One hundred years ago, a network of Marconi wireless operators documented history's most famous shipwreck. Jack Phillips and Harold Bride, the RMS Titanic's radio officers, were usually tasked with sending personal communications for first-class passengers. But on April 14, 1912, they turned their tapping fingers to the CQD distress signal (and, later in the evening, the relatively new SOS call), using the distinctive slang of their fellow operators to report the wreck, call for help, and indulge in a bit of gallows humor. [more inside]
Happy 100th Birthday to SOS. “Send SOS,” one of the Titanic’s radio operators supposedly said to another after the famous ship struck that infamous iceberg. “It’s the new call and besides this may be your last chance to send it.” That “new call” is 100 years old today... (via the J-Walk blog)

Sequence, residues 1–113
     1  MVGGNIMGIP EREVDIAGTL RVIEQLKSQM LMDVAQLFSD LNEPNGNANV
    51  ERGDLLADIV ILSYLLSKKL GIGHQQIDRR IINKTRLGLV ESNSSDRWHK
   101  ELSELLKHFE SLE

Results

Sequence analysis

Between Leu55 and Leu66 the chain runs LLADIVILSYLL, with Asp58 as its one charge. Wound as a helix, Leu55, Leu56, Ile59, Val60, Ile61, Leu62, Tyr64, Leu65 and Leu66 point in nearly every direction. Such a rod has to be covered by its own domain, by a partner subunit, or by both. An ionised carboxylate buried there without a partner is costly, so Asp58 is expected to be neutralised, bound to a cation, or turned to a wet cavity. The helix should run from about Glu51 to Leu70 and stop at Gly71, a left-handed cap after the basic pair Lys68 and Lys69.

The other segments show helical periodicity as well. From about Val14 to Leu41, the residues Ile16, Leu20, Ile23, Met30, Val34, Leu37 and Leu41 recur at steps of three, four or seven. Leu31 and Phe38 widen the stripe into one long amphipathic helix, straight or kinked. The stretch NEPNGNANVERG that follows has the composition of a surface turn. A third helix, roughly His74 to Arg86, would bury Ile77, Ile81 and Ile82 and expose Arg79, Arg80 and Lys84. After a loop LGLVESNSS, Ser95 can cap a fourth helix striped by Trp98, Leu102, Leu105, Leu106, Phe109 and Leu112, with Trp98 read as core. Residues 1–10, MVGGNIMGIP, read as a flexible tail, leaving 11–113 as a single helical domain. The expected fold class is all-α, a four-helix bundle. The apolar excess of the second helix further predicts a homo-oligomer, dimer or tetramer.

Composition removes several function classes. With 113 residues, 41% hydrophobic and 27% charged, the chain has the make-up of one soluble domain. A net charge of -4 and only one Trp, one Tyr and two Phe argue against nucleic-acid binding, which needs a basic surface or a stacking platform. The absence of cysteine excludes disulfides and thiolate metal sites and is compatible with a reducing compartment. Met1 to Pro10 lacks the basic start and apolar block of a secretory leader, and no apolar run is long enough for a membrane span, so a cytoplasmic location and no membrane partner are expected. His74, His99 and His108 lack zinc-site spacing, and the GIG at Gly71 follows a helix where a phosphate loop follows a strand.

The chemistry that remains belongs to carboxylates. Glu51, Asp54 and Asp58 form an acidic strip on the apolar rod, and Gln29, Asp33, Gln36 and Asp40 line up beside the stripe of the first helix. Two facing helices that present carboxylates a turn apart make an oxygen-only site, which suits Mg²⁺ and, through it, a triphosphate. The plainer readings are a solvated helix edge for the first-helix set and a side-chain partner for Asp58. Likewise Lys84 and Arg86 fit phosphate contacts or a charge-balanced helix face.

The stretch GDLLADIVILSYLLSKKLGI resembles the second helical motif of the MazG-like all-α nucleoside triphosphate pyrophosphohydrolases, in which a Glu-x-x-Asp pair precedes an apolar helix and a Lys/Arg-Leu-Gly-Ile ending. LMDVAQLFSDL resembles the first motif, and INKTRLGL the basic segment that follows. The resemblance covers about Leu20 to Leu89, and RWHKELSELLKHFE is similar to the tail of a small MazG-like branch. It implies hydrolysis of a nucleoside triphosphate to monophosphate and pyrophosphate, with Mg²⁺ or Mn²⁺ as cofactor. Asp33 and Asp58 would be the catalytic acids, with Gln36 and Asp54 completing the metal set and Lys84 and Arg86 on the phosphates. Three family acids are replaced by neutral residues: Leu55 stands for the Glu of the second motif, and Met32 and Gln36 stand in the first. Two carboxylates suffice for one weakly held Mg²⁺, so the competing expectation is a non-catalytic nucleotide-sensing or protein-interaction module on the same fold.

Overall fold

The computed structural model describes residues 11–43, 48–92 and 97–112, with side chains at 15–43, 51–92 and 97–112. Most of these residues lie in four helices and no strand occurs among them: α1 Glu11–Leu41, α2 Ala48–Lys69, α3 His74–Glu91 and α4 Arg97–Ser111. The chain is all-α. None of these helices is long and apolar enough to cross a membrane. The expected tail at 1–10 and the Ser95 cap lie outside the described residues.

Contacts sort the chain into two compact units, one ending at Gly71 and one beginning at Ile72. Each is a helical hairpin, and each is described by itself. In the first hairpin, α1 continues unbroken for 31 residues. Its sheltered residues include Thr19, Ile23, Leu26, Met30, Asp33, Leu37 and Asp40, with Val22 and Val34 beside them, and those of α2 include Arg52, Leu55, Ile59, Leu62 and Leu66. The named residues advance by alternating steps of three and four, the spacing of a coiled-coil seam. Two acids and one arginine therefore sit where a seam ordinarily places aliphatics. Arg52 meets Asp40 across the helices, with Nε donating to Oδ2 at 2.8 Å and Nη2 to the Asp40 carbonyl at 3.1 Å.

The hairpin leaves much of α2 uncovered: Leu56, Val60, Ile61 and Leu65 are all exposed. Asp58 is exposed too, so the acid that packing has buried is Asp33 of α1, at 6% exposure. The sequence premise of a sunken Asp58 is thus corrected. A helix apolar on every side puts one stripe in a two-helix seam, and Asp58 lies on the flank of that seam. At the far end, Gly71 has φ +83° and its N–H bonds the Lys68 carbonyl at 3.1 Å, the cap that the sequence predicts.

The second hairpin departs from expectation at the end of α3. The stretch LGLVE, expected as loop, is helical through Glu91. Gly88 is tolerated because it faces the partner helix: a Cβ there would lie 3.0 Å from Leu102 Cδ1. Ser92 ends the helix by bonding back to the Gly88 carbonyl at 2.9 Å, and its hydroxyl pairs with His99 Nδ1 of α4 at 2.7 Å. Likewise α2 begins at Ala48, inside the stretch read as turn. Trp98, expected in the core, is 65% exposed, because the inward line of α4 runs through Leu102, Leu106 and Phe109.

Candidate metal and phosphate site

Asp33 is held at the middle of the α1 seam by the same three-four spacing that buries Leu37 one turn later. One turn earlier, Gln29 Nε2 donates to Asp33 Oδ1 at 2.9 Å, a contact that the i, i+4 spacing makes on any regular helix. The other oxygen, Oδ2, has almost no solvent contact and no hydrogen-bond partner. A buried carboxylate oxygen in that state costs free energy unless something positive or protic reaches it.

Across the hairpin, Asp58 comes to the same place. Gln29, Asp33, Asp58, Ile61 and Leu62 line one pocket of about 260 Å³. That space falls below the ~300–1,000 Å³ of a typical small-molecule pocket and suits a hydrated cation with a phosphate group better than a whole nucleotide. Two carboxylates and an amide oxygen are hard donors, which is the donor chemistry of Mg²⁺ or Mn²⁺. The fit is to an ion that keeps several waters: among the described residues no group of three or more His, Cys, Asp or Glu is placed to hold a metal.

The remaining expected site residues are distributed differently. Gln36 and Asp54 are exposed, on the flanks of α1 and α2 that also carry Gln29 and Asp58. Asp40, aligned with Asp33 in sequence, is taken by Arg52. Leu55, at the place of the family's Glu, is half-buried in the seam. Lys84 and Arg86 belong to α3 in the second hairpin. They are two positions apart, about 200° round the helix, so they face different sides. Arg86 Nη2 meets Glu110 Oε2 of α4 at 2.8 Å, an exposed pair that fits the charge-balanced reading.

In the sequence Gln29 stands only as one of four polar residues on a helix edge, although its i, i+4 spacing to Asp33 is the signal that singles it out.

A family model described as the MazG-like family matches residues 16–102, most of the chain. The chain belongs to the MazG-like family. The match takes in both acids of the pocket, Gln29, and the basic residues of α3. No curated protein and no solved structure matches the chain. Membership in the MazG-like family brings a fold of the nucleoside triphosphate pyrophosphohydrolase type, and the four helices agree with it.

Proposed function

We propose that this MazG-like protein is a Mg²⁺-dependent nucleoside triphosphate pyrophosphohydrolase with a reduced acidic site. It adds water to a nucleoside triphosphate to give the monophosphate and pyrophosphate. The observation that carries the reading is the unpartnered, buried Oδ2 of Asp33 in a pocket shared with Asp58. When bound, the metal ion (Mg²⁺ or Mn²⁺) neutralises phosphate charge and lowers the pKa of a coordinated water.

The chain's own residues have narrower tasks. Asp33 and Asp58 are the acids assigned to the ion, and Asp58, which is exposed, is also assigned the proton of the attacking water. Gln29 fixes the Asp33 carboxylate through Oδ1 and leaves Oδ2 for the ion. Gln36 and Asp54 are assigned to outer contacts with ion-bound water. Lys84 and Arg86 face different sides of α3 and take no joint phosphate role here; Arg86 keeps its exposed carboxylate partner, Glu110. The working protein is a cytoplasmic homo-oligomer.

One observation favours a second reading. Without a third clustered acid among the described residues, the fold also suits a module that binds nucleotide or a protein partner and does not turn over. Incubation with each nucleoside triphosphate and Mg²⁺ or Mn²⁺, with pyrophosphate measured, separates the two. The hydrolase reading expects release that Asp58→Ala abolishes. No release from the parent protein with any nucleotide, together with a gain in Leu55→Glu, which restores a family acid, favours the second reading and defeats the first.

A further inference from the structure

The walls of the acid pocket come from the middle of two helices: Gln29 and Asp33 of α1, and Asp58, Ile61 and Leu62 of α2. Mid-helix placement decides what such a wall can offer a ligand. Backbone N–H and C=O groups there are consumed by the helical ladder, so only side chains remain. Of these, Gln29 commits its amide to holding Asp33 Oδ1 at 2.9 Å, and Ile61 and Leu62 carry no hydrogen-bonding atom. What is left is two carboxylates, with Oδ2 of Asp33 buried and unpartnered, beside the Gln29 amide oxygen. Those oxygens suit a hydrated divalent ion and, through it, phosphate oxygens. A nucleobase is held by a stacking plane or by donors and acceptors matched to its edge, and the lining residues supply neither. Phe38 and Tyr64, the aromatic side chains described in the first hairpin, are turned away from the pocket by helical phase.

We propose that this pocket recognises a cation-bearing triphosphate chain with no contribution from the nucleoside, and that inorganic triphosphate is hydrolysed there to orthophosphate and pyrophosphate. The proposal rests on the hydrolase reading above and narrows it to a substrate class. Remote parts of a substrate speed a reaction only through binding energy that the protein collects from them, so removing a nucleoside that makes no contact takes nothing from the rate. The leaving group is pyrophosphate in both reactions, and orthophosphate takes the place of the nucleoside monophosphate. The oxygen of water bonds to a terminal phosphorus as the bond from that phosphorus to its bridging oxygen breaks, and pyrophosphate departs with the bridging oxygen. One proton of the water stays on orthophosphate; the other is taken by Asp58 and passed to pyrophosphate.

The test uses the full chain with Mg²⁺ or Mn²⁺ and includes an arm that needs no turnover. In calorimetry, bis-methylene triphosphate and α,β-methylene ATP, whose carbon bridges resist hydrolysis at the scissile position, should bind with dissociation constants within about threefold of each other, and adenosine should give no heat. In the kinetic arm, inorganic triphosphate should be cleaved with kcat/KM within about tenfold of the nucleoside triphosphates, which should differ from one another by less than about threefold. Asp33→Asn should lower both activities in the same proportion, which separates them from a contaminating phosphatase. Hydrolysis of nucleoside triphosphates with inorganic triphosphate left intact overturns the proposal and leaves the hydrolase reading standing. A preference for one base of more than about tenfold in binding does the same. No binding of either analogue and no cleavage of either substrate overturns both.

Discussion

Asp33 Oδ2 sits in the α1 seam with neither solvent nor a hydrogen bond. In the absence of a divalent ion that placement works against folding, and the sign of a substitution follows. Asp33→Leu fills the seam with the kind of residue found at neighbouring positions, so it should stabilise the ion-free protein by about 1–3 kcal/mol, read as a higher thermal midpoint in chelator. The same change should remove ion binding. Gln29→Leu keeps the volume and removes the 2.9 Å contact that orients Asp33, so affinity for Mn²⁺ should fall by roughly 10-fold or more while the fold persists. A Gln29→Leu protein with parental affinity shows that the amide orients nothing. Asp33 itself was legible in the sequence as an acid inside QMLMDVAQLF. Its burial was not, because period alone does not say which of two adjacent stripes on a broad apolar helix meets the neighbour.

Special Operations Soldiers return from Afghanistan and kill wives. With all the talk about going to war with Iraq, is it time to take a serious look at what the effects of modern combat have on the soldiers who we send to fight? In the past six weeks four soldiers stationed at Fort Bragg (all recently returned from Afghanistan) killed their wives by shootings (2), strangulation (1) or stabbing (50 times) and burning the body (note - not a special opps soldier for this one). Are these killings just the tip of the iceberg for a future trend, and what can the US military do to make sure that the training they give to soldiers not turn them into domestic terrorists upon their return?
Trapped Briton sends Internet SOS. Trapped in his garden shed while surfing, he sent a request to a chat room for someone to call the Lancashire police. An American did.